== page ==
The external fund manager backed by Berkshire Hathaway’s Charlie Munger, Li Lu, makes no bones about it when he says ‘The biggest investment risk is not the volatility of prices, but whether you will suffer a permanent loss of capital. When we think about how risky a company is, we always like to look at its use of debt, since debt overload can lead to ruin. We can see that Lonza Group Ltd (VTX:LONN) does use debt in its business. But is this debt a concern to shareholders?
What Risk Does Debt Bring?
Generally speaking, debt only becomes a real problem when a company can’t easily pay it off, either by raising capital or with its own cash flow. If things get really bad, the lenders can take control of the business. However, a more common (but still painful) scenario is that it has to raise new equity capital at a low price, thus permanently diluting shareholders. Of course, the upside of debt is that it often represents cheap capital, especially when it replaces dilution in a company with the ability to reinvest at high rates of return. When we examine debt levels, we first consider both cash and debt levels, together.
How Much Debt Does Lonza Group Carry?
The image below, which you can click on for greater detail, shows that Lonza Group had debt of CHF3.65b at the end of December 2019, a reduction from CHF4.11b over a year. However, it also had CHF505.0m in cash, and so its net debt is CHF3.14b.
How Healthy Is Lonza Group’s Balance Sheet?
According to the last reported balance sheet, Lonza Group had liabilities of CHF2.68b due within 12 months, and liabilities of CHF4.60b due beyond 12 months. Offsetting these obligations, it had cash of CHF505.0m as well as receivables valued at CHF846.0m due within 12 months. So its liabilities total CHF5.93b more than the combination of its cash and short-term receivables.
While this might seem like a lot, it is not so bad since Lonza Group has a huge market capitalization of CHF28.3b, and so it could probably strengthen its balance sheet by raising capital if it needed to. But we definitely want to keep our eyes open to indications that its debt is bringing too much risk.
In order to size up a company’s debt relative to its earnings, we calculate its net debt divided by its earnings before interest, tax, depreciation, and amortization (EBITDA) and its earnings before interest and tax (EBIT) divided by its interest expense (its interest cover). This way, we consider both the absolute quantum of the debt, as well as the interest rates paid on it.
Lonza Group’s net debt to EBITDA ratio of about 2.0 suggests only moderate use of debt. And its strong interest cover of 16.2 times, makes us even more comfortable. Lonza Group grew its EBIT by 7.2% in the last year. That’s far from incredible but it is a good thing, when it comes to paying off debt. When analysing debt levels, the balance sheet is the obvious place to start. But it is future earnings, more than anything, that will determine Lonza Group’s ability to maintain a healthy balance sheet going forward. So if you’re focused on the future you can check out this free report showing analyst profit forecasts.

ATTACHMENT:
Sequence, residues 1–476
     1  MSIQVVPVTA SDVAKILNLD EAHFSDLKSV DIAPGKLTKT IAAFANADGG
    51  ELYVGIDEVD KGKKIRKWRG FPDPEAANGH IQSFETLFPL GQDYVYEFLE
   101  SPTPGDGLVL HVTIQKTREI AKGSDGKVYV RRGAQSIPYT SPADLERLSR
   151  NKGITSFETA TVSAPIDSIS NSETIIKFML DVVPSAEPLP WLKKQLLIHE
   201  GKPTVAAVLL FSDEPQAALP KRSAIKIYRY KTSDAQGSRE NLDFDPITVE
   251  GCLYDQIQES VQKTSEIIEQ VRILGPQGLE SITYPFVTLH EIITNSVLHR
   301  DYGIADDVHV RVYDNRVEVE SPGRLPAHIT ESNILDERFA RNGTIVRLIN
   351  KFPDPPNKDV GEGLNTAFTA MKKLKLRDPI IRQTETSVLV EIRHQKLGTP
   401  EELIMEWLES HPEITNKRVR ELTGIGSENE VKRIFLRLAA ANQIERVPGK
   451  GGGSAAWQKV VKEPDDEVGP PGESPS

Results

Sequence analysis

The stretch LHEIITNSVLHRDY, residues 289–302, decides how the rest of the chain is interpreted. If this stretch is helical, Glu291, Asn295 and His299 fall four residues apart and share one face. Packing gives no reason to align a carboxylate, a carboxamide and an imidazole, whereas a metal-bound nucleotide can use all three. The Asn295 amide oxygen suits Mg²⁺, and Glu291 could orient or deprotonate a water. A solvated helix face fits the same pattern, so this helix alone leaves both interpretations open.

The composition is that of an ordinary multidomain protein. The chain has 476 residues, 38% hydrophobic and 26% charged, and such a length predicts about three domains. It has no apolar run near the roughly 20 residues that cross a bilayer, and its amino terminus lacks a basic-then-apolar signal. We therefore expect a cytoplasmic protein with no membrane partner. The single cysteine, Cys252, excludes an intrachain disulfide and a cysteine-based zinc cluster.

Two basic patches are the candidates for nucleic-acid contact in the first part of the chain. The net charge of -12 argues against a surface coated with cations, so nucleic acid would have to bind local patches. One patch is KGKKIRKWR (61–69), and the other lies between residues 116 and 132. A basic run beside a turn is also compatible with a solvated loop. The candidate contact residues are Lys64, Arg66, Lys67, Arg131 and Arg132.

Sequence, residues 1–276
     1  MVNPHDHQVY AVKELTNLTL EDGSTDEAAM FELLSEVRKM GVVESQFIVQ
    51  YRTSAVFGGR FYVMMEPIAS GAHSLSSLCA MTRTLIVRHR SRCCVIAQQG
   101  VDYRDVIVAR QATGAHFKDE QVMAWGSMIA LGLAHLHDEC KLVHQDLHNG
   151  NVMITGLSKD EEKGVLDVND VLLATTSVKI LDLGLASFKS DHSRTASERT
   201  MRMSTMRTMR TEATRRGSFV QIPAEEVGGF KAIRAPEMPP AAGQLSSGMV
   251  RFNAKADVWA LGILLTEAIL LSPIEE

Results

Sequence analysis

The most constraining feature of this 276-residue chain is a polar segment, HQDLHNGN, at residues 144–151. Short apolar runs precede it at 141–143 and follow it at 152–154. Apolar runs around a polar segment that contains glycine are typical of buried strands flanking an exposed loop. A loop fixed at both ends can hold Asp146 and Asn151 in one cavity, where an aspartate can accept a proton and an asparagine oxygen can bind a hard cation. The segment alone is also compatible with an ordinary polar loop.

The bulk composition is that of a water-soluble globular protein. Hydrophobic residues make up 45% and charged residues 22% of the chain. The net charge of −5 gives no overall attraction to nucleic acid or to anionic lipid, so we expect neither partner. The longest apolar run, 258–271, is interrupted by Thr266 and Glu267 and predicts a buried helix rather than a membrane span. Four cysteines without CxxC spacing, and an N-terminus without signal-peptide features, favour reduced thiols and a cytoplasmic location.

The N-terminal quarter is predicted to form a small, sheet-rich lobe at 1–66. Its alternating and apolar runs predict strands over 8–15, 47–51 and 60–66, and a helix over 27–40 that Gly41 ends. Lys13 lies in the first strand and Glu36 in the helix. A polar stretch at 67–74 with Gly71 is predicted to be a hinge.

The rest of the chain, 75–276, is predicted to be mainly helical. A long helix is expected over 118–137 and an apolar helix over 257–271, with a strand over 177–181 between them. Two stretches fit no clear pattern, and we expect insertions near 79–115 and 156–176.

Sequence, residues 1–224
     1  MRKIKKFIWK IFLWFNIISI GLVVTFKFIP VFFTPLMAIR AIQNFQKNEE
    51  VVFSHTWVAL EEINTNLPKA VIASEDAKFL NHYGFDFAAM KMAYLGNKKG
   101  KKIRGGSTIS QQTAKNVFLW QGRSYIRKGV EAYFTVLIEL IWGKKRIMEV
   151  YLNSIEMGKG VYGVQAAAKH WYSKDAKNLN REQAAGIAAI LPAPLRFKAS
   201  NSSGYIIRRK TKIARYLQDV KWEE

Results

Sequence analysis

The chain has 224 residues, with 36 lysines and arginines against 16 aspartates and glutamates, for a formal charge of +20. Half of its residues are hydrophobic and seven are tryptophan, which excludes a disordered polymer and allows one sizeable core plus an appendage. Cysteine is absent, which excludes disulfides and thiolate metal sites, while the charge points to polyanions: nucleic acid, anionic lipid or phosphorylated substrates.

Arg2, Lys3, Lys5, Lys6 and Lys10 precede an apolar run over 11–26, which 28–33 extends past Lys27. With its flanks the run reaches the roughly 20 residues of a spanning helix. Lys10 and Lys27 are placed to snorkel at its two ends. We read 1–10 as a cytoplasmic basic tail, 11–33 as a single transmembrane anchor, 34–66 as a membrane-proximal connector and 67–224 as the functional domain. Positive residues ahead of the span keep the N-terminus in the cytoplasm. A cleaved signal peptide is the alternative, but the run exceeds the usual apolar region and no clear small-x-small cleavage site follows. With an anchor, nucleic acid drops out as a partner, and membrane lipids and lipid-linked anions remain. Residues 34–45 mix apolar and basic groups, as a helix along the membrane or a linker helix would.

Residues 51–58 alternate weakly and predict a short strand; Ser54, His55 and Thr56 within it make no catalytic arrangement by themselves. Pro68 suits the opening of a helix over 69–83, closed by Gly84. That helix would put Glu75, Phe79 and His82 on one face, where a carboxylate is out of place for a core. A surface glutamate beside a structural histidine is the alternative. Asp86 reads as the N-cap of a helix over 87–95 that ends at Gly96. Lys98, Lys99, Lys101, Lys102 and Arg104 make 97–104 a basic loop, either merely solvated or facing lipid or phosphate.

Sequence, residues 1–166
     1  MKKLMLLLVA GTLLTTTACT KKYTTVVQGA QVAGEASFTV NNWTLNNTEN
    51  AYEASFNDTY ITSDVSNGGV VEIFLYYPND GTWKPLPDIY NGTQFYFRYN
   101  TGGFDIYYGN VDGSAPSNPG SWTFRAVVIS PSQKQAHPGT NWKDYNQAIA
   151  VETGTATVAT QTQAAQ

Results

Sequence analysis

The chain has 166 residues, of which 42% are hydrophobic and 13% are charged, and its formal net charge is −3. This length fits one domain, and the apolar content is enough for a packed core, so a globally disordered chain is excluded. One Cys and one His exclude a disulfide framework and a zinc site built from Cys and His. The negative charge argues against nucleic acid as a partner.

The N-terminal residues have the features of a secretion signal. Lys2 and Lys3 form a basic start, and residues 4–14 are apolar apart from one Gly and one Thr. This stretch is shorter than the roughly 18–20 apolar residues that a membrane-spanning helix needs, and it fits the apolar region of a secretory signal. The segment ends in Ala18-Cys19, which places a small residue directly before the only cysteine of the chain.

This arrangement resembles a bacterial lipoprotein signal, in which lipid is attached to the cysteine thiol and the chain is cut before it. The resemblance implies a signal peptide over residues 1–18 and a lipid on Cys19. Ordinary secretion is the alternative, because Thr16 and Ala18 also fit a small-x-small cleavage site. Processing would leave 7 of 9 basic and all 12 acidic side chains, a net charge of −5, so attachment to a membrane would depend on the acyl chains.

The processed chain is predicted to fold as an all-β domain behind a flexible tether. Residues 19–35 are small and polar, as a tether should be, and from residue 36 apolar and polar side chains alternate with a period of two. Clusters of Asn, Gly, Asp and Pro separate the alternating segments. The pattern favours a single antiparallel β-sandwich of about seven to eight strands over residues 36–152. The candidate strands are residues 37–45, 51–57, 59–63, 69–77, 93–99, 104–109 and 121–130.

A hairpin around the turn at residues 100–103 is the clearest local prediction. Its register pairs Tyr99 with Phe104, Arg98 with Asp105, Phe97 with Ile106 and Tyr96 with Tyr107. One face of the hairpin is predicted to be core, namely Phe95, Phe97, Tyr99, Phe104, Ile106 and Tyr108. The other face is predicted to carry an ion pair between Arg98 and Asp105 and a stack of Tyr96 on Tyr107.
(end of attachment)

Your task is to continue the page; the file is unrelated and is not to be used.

Finally, a company can only pay off debt with cold hard cash, not accounting profits. So the logical step is to look at the proportion of that EBIT that is matched by actual free cash flow. In the last three years, Lonza Group’s free cash flow amounted to 37% of its EBIT, less than we’d expect. That weak cash conversion makes it more difficult to handle indebtedness.
On our analysis Lonza Group’s interest cover should signal that it won’t have too much trouble with its debt. However, our other observations weren’t so heartening. For example, its conversion of EBIT to free cash flow makes us a little nervous about its debt. Considering this range of data points, we think Lonza Group is in a good position to manage its debt levels. But a word of caution: we think debt levels are high enough to justify ongoing monitoring. There’s no doubt that we learn most about debt from the balance sheet. But ultimately, every company can contain risks that exist outside of the balance sheet. For example, we’ve discovered 1 warning sign for Lonza Group that you should be aware of before investing here.
If you’re interested in investing in businesses that can grow profits without the burden of debt, then check out this free list of growing businesses that have net cash on the balance sheet.
If you spot an error that warrants correction, please contact the editor at email@example.com. This article by Simply Wall St is general in nature. It does not constitute a recommendation to buy or sell any stock, and does not take account of your objectives, or your financial situation. Simply Wall St has no position in the stocks mentioned.
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